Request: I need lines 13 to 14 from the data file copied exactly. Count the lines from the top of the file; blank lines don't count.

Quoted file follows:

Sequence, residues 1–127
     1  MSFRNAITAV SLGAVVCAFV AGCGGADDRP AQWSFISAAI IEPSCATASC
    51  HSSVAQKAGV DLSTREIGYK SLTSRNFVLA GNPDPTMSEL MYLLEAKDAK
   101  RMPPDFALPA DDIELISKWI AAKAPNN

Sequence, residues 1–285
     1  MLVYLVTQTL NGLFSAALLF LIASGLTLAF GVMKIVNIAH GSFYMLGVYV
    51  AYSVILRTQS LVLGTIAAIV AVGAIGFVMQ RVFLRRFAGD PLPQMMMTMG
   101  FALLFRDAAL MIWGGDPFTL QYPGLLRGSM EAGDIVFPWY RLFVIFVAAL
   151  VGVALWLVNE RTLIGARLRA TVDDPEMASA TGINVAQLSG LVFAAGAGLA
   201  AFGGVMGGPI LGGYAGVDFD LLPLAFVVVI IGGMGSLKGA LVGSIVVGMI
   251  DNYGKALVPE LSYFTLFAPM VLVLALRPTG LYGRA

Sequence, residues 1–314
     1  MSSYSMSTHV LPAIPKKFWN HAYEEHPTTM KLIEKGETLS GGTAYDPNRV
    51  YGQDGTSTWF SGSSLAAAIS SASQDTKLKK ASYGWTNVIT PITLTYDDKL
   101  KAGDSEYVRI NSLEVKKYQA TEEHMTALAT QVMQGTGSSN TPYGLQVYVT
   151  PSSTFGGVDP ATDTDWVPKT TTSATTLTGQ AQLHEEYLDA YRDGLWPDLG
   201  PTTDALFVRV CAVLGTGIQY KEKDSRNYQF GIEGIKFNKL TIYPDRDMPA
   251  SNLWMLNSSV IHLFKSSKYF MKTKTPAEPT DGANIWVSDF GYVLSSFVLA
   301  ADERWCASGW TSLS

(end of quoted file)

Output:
     1  MSSYSMSTHV LPAIPKKFWN HAYEEHPTTM KLIEKGETLS GGTAYDPNRV
    51  YGQDGTSTWF SGSSLAAAIS SASQDTKLKK ASYGWTNVIT PITLTYDDKL